This Week in Advanced Vehicle Technology News
May 19, 2020—As a result of extended stay-at-home orders in some states and the global coronavirus pandemic, there's been a shift in the electric vehicle market. The debate today is on whether electric vehicle sales will decrease as a result of cheaper fuels or increase as people start seeing the ramifications of carbon emissions.
Along with disruptions in the electric vehicle market, ADAPT has been closely following how automakers are responding with announcements on advanced vehicle technology. BMW, for example, committed to producing more electric and hydrogen fuel-cell vehicles.
In other news, Ford is rolling out over-the-air software updates to its electric Mustang Mach-E. General Motors announced its plant in Spring Hill, Tenn., will be powered by solar energy in two years.
Don't miss out on ADAPT's next month's coverage as we dive into the major automakers and where they stand in terms of advanced vehicle development.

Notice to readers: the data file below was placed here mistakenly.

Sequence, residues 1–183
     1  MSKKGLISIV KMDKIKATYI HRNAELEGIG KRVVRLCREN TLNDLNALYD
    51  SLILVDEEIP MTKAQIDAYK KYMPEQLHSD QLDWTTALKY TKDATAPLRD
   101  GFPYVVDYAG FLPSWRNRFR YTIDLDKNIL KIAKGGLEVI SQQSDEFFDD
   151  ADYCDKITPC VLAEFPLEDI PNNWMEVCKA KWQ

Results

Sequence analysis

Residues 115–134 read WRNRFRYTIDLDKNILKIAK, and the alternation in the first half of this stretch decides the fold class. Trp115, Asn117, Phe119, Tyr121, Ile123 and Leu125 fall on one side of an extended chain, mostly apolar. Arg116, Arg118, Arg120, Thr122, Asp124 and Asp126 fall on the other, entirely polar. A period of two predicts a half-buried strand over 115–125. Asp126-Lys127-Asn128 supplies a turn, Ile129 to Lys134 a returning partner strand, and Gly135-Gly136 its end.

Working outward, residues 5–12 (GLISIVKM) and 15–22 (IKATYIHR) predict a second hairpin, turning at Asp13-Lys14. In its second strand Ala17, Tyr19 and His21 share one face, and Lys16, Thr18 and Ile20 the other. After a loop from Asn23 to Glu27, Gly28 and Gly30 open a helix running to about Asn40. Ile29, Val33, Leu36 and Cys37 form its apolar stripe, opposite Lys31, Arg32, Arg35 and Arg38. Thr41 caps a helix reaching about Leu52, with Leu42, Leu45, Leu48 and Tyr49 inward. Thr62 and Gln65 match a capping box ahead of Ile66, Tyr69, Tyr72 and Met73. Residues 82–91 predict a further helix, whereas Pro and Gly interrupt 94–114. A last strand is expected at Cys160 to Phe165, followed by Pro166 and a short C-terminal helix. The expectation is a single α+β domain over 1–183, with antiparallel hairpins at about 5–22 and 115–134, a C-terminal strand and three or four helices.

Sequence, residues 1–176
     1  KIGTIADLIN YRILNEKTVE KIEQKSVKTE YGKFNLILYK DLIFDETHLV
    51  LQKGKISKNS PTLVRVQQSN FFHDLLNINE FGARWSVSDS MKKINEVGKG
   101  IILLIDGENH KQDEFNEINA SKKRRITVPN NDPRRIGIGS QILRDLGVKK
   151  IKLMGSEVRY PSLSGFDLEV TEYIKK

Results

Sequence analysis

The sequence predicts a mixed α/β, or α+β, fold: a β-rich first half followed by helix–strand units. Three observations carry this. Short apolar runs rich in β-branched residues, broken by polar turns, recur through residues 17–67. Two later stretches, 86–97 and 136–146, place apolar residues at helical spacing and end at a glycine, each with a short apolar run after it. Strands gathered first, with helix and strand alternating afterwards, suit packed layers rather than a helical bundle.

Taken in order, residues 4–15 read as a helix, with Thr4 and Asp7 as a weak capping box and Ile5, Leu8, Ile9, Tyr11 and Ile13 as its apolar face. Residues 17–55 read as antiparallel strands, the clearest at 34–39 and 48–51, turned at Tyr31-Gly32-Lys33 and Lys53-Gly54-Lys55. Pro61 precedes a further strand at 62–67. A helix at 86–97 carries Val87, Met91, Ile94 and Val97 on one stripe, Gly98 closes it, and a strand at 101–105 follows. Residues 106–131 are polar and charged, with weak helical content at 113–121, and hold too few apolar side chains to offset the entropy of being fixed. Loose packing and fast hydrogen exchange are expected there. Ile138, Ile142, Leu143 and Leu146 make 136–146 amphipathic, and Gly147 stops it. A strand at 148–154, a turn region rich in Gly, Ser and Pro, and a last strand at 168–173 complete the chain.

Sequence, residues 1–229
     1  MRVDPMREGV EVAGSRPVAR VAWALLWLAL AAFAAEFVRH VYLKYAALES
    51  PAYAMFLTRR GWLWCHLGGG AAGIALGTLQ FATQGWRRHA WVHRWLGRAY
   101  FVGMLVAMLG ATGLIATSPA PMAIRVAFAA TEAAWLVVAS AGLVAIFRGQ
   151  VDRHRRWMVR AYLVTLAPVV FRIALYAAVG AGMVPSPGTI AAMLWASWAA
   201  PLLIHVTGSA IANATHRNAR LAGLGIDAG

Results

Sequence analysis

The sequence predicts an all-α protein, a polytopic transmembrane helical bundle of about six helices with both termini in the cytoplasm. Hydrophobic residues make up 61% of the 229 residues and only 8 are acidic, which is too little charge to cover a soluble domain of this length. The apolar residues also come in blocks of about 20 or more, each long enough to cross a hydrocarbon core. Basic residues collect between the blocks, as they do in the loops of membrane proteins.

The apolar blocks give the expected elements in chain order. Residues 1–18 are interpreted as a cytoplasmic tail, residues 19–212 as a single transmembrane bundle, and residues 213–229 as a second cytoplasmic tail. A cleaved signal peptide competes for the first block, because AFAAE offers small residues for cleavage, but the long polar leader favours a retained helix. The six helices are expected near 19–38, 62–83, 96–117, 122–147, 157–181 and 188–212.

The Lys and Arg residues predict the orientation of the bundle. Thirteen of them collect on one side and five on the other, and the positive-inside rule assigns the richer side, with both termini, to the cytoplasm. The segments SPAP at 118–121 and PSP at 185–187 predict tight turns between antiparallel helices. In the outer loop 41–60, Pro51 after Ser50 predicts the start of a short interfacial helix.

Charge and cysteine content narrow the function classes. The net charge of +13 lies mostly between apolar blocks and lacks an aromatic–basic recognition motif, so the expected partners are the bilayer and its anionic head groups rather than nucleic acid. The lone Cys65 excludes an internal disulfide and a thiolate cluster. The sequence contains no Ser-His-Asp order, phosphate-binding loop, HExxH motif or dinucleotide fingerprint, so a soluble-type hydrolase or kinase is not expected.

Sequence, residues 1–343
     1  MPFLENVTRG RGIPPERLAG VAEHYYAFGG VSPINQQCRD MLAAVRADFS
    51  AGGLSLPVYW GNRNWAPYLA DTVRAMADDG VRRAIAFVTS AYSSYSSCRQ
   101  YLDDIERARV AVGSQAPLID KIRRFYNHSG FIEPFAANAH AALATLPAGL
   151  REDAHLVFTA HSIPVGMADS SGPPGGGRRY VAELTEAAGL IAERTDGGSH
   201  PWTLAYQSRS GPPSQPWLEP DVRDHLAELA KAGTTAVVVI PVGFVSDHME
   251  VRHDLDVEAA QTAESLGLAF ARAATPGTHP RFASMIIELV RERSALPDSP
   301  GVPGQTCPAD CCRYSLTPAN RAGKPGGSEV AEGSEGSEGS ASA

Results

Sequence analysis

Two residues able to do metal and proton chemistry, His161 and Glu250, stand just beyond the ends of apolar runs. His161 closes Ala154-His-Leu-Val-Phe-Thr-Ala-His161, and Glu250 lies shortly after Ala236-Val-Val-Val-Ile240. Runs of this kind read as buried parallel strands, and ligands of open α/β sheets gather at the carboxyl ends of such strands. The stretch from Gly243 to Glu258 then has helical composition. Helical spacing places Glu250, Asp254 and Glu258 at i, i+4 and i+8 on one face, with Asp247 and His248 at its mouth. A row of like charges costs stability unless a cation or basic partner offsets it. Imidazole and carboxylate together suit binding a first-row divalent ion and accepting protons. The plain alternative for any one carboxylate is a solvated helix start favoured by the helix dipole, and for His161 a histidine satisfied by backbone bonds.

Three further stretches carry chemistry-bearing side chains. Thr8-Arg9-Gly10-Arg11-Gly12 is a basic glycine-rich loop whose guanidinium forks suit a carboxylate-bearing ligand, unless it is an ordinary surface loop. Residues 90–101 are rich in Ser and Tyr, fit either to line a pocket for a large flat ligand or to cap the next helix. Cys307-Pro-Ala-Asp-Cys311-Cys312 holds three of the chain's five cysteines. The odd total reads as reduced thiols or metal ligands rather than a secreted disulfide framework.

The auto industry is closer and closer to what some call its heyday: the connected car changing how shops repair a vehicle. To prepare for the future of cars with ADAS calibrations and diagnostic repairs, shops need to think ahead in terms of space and equipment.
In the realm of connected vehicles, there are three federal pilot programs that have been in the works for years and are now operating on the streets.
We’ve all been hearing a lot about the application of AI computer vision solutions in auto claims. But when it comes down to actually getting involved, how should insurance carriers pick the best partner? Body shops and repair shops might be facing the same conundrum.